What Are the Red Flags You Should Be Watching For?
In the past, good parenting included:
- knowing where your children were
- who their friends were
- what they were doing when you were not with them
Imagine a parent telling their teen on a Friday evening to go wherever they wanted and you would not be checking on them until they came home. I don’t need to know who you are hanging out with or what you are doing.
Sounds ridiculous right?
Things haven’t changed but now when kids use social media, parents often don’t know where they are at for hours at a time, what they are doing and who they are with! How do you know if your child is becoming addicted to their mobile device? What should you do?
I actually have a very positive attitude toward technology. I can’t imagine life without my iPad and smartphone. Children born after 2010 will never live in a world without smart devices with new technology being developed every day. It is truly amazing.
It is certainly being responsible to stay informed about the possible effects of technology on our children. As parents, we have to pay attention to the possible dangers because that’s our job. Is really true that technology is making kids anxious and depressed? Realistically the digital world hasn’t been here long enough for any definitive answers. It is a good thing that studies and research will continue to guide parents to keep their children healthy and safe. There is software such as KidsWatch to help parents as well.
Every couple of weeks, I hear my co-workers talking about a new way kids are interacting with social media! How can parents possibly control what social media sites their children and using, who are they chatting with, and who is chatting about them?
A recent survey found 47% of parents worry their child is addicted to their mobile device. By comparison, only 32% of parents say they’re addicted themselves.
According to the survey, 89% of parents believe it’s up to them to curb their children’s smartphone usage.
How Do I Know if My Child is Addicted to His or Her Smartphone?
Let’s start with young children. An article about children’s health from the University of Michigan reported on new research that focuses on children between the ages of 4-11. Dr. Sarah Domhoff, who conducted the research writes:
How young children use screen devices, rather than how much time they spend using the devices, may be the strongest predictor of emotional or social problems connected with screen addiction, new research suggests.
Here are 9 warning signs of screen media addiction in young children
- Unsuccessful Control: It is hard for my child to stop using screen media.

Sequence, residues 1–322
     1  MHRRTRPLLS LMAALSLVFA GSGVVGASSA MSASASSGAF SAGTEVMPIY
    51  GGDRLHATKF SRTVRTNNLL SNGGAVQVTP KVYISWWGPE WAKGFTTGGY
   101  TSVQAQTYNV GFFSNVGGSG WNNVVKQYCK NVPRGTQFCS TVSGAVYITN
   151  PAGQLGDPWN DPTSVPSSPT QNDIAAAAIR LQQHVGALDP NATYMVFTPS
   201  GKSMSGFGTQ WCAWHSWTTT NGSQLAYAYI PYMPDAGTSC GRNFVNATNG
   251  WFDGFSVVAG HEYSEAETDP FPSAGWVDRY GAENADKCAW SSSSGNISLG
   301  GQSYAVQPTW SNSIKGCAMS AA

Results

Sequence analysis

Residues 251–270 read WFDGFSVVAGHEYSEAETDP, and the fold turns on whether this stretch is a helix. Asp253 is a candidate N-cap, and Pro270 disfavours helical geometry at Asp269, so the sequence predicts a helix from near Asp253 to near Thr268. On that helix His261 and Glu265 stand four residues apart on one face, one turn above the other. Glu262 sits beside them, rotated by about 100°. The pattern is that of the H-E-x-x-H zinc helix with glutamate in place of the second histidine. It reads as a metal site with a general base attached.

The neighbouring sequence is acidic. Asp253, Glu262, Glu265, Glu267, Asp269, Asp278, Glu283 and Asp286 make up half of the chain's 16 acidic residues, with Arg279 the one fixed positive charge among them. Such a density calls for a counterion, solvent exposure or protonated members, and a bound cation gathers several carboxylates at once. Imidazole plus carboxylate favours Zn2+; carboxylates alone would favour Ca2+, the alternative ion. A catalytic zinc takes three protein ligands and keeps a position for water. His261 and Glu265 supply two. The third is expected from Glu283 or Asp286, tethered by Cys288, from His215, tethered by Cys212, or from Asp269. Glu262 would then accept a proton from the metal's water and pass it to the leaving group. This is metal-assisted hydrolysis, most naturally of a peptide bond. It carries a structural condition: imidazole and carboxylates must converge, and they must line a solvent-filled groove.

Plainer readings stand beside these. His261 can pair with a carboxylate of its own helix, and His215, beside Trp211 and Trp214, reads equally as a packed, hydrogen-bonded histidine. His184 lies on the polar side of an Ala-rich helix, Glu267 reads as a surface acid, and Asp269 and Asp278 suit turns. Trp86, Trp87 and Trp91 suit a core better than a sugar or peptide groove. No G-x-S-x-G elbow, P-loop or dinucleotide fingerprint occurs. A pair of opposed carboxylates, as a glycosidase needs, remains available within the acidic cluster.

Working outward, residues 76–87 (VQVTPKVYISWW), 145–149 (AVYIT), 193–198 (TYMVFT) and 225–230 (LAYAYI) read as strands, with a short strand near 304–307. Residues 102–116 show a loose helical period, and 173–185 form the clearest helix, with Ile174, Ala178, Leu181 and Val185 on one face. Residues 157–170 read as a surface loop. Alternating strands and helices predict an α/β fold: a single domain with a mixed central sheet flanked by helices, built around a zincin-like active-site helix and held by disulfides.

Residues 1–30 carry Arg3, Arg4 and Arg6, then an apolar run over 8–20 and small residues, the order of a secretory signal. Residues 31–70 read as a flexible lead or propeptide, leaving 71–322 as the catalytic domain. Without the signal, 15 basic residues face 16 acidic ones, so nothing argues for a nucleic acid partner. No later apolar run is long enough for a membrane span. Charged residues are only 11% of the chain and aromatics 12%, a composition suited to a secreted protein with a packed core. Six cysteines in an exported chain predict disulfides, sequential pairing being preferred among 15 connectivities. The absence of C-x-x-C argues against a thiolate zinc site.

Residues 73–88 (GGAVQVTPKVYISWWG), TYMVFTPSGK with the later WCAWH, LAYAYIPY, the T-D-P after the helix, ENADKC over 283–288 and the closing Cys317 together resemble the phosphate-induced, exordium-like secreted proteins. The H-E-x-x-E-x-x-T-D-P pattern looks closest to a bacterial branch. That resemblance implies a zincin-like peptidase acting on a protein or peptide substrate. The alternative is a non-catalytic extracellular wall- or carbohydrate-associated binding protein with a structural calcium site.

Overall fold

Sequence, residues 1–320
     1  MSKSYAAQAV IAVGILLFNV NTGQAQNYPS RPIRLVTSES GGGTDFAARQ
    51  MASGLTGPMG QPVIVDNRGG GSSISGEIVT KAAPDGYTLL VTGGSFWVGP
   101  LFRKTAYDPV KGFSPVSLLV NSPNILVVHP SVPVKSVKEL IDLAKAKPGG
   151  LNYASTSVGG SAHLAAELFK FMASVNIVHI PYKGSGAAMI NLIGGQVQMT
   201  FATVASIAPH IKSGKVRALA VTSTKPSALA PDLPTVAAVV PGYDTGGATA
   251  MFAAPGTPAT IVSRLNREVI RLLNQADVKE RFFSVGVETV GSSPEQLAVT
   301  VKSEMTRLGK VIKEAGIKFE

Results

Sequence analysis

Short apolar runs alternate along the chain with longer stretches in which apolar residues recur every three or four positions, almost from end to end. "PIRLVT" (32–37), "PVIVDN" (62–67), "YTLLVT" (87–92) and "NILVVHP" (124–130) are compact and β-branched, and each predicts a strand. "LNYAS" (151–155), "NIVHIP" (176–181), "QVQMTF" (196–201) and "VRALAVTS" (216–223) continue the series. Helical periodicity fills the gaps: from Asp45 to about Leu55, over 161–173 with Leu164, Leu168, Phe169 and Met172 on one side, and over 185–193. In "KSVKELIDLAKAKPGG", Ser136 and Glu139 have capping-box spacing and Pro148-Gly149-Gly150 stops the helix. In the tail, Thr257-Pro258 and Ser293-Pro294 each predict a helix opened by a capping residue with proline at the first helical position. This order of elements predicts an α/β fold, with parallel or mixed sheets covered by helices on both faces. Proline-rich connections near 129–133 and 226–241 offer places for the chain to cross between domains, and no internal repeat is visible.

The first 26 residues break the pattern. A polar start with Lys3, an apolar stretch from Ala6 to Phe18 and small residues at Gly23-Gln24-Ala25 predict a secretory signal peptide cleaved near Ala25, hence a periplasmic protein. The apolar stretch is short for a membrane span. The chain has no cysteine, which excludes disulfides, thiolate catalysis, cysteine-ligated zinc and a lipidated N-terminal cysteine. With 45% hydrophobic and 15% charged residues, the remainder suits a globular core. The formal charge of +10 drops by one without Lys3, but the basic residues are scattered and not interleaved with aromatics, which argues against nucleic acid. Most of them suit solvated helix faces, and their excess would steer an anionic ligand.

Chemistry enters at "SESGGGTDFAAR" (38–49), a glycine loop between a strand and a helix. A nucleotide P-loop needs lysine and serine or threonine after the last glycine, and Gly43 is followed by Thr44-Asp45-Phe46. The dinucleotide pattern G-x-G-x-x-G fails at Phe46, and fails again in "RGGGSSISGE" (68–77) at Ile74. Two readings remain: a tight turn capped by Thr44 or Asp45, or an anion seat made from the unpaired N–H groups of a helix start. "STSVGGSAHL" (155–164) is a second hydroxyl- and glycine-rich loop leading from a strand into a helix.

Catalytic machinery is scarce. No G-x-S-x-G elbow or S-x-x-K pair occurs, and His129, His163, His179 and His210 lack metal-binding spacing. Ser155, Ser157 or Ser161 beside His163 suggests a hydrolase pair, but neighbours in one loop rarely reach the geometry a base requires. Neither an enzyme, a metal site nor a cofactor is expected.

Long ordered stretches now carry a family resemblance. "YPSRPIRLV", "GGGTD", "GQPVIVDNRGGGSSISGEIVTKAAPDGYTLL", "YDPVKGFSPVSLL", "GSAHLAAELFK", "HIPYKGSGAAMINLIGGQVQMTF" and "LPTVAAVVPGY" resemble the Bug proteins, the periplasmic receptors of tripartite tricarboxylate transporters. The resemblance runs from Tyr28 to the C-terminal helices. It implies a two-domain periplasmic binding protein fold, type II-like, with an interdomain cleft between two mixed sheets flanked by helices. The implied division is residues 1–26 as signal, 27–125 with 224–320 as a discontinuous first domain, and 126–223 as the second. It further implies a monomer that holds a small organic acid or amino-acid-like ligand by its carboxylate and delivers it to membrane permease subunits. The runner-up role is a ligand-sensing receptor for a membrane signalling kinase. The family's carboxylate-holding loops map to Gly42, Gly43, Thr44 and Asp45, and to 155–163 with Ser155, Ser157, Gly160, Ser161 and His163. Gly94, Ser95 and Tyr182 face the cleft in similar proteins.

- Loss of Interest: Screen media is the only thing that seems to motivate my child.
- Preoccupation: Screen media are all my child seems to think about.
- Psychosocial Consequences: My child’s screen media use interferes with family activities.
- Serious Problems Due to Use: My child’s screen media use causes problems for the family.
- Withdrawal: My child becomes frustrated when he/she cannot use screen media.
- Tolerance: The amount of time my child wants to use screen media keeps increasing.
- Deception: My child sneaks using screen media.
- Escape/Relieve Mood: When my child has had a bad day, screen media seem to be the only thing that helps him/her feel better.
Addiction in Teens
Addiction is a disease and there may be an addiction to electronics in general. Think of people fixated on their smartphones, tablets, or television screens. It is a way of life for all of us, including you and me.
Katie Davis, assistant professor at the University of Washington whose research explores the topic, found that,
although there is currently no official medical recognition of “smartphone addiction” as a disease or disorder, the term refers to obsessive behaviors that disturb the course of daily activities in a way that mirrors patterns similar to substance abuse.
Questions to Ask Yourself About Your Teen
- Does your child become intensely anxious, irritable or angry when their phone is taken away?
- Is your teen skipping or not attending social events because of time on their phone?
- When spending time on a smartphone is personal hygiene or sleep affected?
- More cause for alarm is lying, hiding and breaking family rules to spend more time on their smartphone.
Davis goes on to say:
“Instead of becoming overly fixated on teens’ smartphone use in general, it is important to think about “what are the applications on the smartphone and how is your particular child using the applications on that smartphone,”
Parental guidance is necessary to curb or control screen time. As a result of her research she recommends: